Gallifrey: War Room- Manoeuvres

Posted in Audio by - October 03, 2023
Gallifrey: War Room- Manoeuvres

Released September 2023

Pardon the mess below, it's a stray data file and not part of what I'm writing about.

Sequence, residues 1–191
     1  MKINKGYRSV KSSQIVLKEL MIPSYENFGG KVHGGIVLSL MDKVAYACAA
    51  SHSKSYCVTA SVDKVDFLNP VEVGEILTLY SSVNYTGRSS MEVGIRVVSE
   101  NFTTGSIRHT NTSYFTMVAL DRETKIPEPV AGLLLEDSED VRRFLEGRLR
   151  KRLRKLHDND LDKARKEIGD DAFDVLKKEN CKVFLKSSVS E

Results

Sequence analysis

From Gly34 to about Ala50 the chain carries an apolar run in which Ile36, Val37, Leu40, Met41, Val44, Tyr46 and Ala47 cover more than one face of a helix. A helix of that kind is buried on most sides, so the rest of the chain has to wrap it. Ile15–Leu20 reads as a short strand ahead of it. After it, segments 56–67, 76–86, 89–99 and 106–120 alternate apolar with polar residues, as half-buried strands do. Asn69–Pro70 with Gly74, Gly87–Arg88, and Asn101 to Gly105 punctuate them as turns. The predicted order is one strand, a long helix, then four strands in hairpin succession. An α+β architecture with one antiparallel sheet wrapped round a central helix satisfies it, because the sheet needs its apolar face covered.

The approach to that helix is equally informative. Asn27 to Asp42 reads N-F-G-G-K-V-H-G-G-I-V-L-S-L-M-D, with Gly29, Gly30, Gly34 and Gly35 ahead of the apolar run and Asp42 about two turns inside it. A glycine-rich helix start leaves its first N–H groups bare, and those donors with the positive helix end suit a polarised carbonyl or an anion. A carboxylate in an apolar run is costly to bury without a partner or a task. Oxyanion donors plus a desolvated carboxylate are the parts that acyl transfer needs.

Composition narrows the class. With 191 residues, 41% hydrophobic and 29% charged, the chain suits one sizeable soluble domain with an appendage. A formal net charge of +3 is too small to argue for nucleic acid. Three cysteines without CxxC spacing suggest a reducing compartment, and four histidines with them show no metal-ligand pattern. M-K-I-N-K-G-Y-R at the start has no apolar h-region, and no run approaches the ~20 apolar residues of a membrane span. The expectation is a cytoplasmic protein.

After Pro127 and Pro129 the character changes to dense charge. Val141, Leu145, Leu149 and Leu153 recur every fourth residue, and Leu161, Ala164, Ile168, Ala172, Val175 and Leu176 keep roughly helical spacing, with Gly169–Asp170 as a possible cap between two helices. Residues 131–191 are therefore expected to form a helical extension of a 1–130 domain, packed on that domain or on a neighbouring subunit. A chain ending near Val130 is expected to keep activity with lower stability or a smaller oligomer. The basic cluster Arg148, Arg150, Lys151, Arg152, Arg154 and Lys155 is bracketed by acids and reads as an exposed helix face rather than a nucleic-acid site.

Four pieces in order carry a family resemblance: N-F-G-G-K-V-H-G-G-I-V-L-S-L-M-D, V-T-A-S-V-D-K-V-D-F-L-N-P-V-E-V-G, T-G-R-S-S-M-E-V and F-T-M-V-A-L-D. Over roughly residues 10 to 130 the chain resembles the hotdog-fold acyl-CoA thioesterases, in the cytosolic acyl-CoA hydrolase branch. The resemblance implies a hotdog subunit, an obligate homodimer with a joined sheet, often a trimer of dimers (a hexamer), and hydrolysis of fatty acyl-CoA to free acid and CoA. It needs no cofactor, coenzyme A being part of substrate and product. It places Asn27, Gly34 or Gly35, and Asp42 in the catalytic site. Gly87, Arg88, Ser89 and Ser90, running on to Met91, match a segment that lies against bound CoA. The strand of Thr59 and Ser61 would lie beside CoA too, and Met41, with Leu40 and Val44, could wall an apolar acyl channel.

With the Time Lords and Daleks now fully engaged in the Time War in Gallifrey: War Room- Manoeuvres, a battle for control is underway that sees rival Cardinals Rasmus and Ollistra using Leela, Veklin, and the General to ingratiate themselves to Rassilon while Narvin and the Resistance try against all odds to find a way to stop this all-encompassing conflict. Of course, Gallifrey as a series has long since transitioned from simmering political intrigue to more overt action with political undertones, but the competition both on and off of Gallifrey as Time Lords of every rank try to establish themselves and their allegiances within this new paradigm that presents the race as a whole as being much more sinister and aggressive is a great undercurrent for Katharine Armitage’s opening story to this set, ‘Collaborators.’ Here, Gallifrey and the Resistance are both pursuing a vital alliance with a people who have always been shrouded and protected from unwanted visitors and who benefit greatly from a substance that in the Time Lords’ hands could cause untold destruction. However, Leela wisely realizes that any gain by the Time Lords in terms of weaponry will only be met and amplified by the Daleks as a result, feeding into a perpetual cycle that will ultimately benefit nobody. Indeed, as Leela carefully chooses each and every one of her words to try to walk the fine line of remaining true to herself without alienating her colleagues as she refuses to give up on Romana, Louise Jameson quickly becomes the anchor for this particular story as she perfectly portrays the anguish of a strong leader by nature who understands implicitly who the Time Lords as a whole are at this point and the threat they pose to this world even under the façade of true friendship. The threat of the Time War is palpably visceral, and so it’s not wholly surprising that conflicting alliances are made with fear the true motivator, but the ultimate change of heart that pulls this world and its resources away from Gallifrey is nonetheless a shocking one that is sure to have great ramifications going forward. As much as tradition and first impressions may guide deliberations and conversations about the best path together, ‘Collaborators’ never relents in making the very real emotions driving the characters on all fronts a primary focal point, deftly creating a layered experience that expertly reintroduces its leads and their motivations while creating a particularly intriguing pathway for Leela going forward now that she has diverged from the script given to her and welcomed untold consequences.